Mini Monsters Preschool Ltd

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About Mini Monsters Preschool Ltd

Name Mini Monsters Preschool Ltd
Ofsted Inspections
Address Sports Pavilion, Pascal Drive, Medbourne, MILTON KEYNES, MK5 6LS
Phase Childcare on Non-Domestic Premises, Sessional day care
Gender Mixed
Local Authority MiltonKeynes
Highlights from Latest Inspection

What is it like to attend this early years setting?

The provision is good

Children are happy and settled. They enjoy the company of their friends and thoughtful staff.

Children make good use of the well-resourced environment and exciting activities on offer. They are confident to make choices about what to do and where to play. Children enjoy free flow to the outdoor area.

They enjoy positive interactions with their peers and staff. Children understand routines and take part with enthusiasm.Children behave well and support each other.

Children develop good social skills and learn to share and take turns. Older children show kindness as they share resources at the creative table. The...y understand the rules and how to stay safe, and risk assess their play.

Children communicate well. They enjoy talking about home and their families. Children learn about what makes them similar to and different from others.

Staff help them to celebrate their uniqueness. Children are developing a broad vocabulary as well as key listening skills to take turns in conversations. The manager and staff place an emphasis on building children's confidence and independence in readiness for school.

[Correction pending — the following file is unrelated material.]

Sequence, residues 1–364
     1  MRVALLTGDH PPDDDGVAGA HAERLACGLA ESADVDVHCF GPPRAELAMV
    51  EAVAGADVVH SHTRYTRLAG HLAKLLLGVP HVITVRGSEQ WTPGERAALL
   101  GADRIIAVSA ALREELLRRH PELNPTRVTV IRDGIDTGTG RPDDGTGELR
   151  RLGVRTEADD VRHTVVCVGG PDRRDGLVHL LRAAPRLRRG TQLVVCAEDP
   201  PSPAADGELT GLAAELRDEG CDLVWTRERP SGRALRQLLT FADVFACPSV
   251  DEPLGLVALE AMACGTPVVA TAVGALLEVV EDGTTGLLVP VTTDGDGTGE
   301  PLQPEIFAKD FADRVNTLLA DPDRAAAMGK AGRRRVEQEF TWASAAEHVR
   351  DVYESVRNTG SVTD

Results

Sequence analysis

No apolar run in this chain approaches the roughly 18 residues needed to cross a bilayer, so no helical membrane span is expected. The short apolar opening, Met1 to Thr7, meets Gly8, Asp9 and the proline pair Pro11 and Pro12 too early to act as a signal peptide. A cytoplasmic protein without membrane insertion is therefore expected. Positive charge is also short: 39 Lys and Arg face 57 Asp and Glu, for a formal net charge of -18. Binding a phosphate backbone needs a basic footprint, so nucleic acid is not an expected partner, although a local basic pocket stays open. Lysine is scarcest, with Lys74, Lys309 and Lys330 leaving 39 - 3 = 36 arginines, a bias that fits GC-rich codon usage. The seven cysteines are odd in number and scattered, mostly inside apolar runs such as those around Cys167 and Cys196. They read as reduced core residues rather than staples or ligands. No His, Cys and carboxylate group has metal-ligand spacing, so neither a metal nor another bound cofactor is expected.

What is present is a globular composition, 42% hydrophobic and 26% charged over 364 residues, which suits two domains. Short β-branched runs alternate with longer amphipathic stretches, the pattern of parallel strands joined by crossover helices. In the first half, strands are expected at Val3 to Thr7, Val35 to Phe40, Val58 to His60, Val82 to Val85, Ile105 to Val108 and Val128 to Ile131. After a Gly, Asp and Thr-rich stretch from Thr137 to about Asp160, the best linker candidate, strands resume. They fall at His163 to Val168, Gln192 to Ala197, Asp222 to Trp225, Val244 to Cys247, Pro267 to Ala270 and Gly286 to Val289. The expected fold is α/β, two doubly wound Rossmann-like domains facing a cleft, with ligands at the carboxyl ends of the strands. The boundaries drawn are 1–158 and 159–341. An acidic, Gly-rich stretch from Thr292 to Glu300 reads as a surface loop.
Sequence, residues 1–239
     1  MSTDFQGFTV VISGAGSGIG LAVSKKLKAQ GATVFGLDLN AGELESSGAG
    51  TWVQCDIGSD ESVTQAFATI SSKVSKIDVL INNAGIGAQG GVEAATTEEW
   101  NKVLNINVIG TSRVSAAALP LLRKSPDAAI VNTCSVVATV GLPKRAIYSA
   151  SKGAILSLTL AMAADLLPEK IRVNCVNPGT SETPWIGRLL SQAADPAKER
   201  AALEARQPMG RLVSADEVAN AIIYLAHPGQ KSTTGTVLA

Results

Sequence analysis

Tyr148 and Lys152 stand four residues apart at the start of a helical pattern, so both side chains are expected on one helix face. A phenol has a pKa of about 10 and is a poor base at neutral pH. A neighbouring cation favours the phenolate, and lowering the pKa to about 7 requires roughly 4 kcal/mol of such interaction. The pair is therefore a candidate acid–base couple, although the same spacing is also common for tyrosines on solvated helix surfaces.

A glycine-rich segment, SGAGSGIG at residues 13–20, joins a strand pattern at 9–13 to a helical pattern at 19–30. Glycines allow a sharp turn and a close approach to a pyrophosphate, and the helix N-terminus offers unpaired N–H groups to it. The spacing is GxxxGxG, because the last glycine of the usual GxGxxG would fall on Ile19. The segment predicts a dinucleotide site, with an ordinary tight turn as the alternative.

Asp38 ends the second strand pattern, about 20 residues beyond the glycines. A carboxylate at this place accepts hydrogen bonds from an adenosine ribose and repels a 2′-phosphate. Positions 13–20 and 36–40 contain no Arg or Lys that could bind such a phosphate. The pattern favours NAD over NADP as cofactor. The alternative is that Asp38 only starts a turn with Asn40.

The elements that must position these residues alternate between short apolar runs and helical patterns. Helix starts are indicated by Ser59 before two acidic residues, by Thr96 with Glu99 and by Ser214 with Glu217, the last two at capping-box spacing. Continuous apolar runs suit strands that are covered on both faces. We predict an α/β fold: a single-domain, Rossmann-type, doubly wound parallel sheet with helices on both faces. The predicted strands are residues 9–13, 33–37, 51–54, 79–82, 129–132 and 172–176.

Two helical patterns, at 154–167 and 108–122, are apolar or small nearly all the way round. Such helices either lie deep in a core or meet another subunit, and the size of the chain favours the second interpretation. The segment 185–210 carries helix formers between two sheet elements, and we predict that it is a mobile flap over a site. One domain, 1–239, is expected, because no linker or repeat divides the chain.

Children have plenty of opportunities to practise early writing skills. For example, they learn to write their names and recognise the sounds that letters represent. The managers use additional funding thoughtfully.

For example, staff work on a one-to-one basis with children who need it. This gives them instant help and support to enable them to make good progress.

What does the early years setting do well and what does it need to do better?

Children are independent and confident.

Staff encourage children to persevere and challenge themselves by offering challenging and engaging activities. They provide consistent and supportive praise and guidance for children's achievements and positive behaviours.There is a strong focus on communication and language.